I think it's been about 15 years since I rode a bike.Well apart from a brief weekend at Centre Parcs four years ago where I was left with a numb arse and no real desire to repeat the experience.

It's certainly been forever since I rode on a road. Largely because traffic in Sheffield is mental.

But car parking charges, petrol and my lack of waistline made me rethink. My husband cycles. People in Sheffield cycle. What's wrong with me?

I bought a bike.

I stood for thirty minutes in a well respected bike shop in Sheffield with cash in my pocket. I was completely ignored for the whole time while both of the only two members of staff on a Saturday afternoon discussed a very expensive bike with a customer who was clearly going to go home and try and buy one on Ebay. The difference was she cared about suspension and gave them the opportunity to show off. I wanted the cheapest bike they sold that would get from a to, well, b. I'm not trying to enter the Tour De France or anything.

So I took my money to Edinburgh Bicycle Company. It only took five minutes there before someone realised I needed help and I rather bluntly stated that I had £300 and five minutes to buy a bike to get me to work. I bought the cheapest bike in the shop. Everyone was happy.

It was only when I went to pick it up  a few days later that the commitment I had made hit me. This wasn't going to be all that easy. Obviously I knew I wouldn't have forgotten how to ride a bike, but I live off Abbeydale Road and even at 2.30pm the traffic is challenging.

I wobbled round the car park and cycled to the curb. I got off and walked it quite a long way up the road. I waved at some staff from work playing football and tried to pretend there was some reason why I had a bike but chose not to ride it. I was unconvincing.

Around the corner I braced myself and pulled out. Apparently I had gears. It was just a shame the one I was in was not the best for setting off in traffic. I tried to look like I knew what I was doing and deceived no-one. There is no bus lane at 2.30 so I wobbled and weaved around parked cars in fourth gear while frantically trying to work out how to change down and what on earth that other lever was for.

I got off again and crossed the road at the pedestrian crossing.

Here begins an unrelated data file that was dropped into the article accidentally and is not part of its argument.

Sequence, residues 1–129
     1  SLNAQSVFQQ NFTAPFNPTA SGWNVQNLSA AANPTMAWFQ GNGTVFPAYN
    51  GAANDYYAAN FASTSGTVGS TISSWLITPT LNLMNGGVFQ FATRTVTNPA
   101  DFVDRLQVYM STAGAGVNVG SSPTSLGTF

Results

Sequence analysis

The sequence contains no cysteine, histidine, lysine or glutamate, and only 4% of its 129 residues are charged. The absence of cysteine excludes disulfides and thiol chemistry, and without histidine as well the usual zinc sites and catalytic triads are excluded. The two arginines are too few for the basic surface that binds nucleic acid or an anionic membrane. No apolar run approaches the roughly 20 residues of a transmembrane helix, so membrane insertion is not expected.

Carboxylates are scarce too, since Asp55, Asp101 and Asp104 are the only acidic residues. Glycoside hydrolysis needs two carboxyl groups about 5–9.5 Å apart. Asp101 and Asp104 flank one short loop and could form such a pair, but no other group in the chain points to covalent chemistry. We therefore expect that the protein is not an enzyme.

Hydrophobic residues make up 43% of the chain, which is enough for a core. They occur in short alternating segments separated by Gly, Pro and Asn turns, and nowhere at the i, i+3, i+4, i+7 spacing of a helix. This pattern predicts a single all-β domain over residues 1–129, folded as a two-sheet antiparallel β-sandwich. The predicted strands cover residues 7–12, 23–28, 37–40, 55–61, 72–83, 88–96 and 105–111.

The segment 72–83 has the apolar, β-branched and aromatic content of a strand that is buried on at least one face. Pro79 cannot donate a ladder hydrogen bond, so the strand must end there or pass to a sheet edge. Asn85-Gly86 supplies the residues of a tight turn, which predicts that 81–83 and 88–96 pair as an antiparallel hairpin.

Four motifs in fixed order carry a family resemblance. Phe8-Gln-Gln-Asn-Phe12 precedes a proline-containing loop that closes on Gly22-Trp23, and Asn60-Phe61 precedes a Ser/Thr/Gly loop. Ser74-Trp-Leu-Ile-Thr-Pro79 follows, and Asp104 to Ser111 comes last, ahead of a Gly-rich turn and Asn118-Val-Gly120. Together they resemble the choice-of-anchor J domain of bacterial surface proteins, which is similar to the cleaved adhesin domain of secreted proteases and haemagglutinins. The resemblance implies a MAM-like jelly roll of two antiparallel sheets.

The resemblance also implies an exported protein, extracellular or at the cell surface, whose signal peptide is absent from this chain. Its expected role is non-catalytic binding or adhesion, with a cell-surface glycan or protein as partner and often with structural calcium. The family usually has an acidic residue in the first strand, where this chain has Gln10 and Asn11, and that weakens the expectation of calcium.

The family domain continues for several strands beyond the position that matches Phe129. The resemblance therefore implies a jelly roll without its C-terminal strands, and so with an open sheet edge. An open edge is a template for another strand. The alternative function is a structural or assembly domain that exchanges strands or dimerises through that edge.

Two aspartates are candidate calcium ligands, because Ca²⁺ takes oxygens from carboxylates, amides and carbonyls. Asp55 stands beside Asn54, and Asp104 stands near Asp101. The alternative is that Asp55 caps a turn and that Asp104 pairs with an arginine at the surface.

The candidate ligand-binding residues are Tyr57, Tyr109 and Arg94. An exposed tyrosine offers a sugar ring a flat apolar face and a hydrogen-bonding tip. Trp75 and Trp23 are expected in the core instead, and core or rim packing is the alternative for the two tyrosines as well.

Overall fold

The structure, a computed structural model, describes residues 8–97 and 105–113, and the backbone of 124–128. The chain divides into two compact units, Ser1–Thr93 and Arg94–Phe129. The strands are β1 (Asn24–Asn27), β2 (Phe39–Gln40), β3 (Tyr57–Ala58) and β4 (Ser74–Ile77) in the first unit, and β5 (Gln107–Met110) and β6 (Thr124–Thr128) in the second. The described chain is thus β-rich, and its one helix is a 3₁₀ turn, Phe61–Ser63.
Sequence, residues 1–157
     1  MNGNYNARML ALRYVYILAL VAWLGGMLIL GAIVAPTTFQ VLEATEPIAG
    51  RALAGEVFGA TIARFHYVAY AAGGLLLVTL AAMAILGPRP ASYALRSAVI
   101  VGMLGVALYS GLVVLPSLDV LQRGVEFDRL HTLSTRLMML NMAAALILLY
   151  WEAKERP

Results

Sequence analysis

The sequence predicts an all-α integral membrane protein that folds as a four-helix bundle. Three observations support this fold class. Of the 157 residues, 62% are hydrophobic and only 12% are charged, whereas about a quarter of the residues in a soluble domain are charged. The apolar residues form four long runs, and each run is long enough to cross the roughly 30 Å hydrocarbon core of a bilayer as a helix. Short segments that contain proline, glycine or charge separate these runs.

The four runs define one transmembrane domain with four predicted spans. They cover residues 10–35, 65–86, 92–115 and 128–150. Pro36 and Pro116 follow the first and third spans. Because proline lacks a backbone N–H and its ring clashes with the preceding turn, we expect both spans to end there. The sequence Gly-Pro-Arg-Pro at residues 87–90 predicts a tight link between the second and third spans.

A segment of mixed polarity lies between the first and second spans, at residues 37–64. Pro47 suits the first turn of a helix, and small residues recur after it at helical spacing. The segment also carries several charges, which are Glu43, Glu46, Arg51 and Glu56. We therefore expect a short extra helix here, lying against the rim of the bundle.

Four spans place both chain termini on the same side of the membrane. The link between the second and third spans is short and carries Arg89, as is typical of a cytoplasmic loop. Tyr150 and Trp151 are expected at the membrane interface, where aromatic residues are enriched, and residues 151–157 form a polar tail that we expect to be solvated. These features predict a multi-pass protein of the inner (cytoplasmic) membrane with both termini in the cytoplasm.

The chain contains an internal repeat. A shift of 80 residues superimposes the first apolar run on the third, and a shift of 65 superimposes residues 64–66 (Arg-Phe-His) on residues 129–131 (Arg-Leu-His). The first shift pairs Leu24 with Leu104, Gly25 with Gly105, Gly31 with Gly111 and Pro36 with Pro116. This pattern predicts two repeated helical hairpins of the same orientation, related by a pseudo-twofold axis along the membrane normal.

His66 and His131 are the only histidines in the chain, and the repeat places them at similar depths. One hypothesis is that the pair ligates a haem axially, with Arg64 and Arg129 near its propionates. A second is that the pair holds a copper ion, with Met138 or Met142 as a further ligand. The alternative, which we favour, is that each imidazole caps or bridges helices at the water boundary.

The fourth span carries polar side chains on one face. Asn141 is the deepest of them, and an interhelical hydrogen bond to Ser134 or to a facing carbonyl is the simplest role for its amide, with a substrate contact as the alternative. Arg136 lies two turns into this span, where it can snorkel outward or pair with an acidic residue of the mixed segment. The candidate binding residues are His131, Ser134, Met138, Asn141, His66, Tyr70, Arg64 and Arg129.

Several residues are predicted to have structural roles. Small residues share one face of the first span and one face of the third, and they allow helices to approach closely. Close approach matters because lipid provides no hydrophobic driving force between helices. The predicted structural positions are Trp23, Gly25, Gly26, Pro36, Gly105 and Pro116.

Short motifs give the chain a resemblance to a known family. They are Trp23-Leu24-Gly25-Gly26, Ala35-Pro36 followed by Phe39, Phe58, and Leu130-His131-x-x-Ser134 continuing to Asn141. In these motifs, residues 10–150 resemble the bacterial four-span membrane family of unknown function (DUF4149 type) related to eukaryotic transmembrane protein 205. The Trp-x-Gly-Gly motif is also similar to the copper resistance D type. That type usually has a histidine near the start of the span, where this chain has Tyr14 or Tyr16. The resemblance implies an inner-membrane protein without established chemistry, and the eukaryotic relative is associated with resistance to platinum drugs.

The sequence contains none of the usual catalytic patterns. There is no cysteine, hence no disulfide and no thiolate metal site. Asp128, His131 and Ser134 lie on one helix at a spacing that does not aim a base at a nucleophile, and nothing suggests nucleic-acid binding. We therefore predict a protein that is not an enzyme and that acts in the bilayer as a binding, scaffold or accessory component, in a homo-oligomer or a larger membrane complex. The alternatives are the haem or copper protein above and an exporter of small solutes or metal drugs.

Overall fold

I didn't feel terribly confident so it was a while before I got back on the bike and set off up Carterknowle Road. Which is far too steep. I got off again.

A bin lorry filled the road so I decided to cycle on the pavement. Which is clearly illegal. I ran out of puff. I got off and walked home.

But you know what? You have to start somewhere. In my case I started half a mile from my house and mostly walked.

Tuesday, 4 March 2014

London - Last Day

So it was nearly over - our little holiday. Fortunately the best was yet to come.

In the morning it nearly fell over a bit. we went to see Westminster and the sky was blue. The London Eye was tempting. The price and queue were not. Eveutally we plumped for a river cruise down the Thames which was still a bit pricey and a bit cold for Phoebe who is nesh at the best of times. But it was witty and informative and we always love a boat trip.

And then Matilda. I can't tell you how brilliant this musical is. The girls adored it. I adored it. Even Paul who hates musicals adored it. The cast was amazing, as is the set. We've had it on repeat in our kitchen and our heads ever since.

We had one final blow out on a meal at the train station and the girls continued to be amazing doing stickers, colouring and reading. Everything is so much easier now they are older.

A late train and we were home. All in all a fab few days.

London - Day Three

As the days slip past on holiday I always start to feel the pressure. It's entirely a problem I invent for myself. The need to ensure we experience the place we've visited with a balance of history, culture, fun - made worse if it's a flipping mini break. I am a bit of a nightmare.

So we have done animals, museum, food, movie on the first days. History it is then. Really going on holiday with me is fun.

I went to the Tower of London when I was little. I remember it vaguely and there is photographic proof of me in a T-shirt covered in road signs.

It's such a brilliant place. I'm far from a monarchist but we got through the crown jewels bit without me spending much time thinking about that and focused instead on Gangsta Granny. We spent a bit of time dodging school parties round the white tower, and didn't hang about in the torture room for obvious reasons. We chatted to a beefeater and discovered the royal mint. It's such a great place.

After lunch there was more tube travel and walking past iconic sites. The kids were probably bored of me by now. They quite liked the wobbly bridge though and I got overexcited because we passed Joe Thomas from the Inbetweeners. In true celebrity spotting style I didn't know his name and Paul had no clue who I was talking about.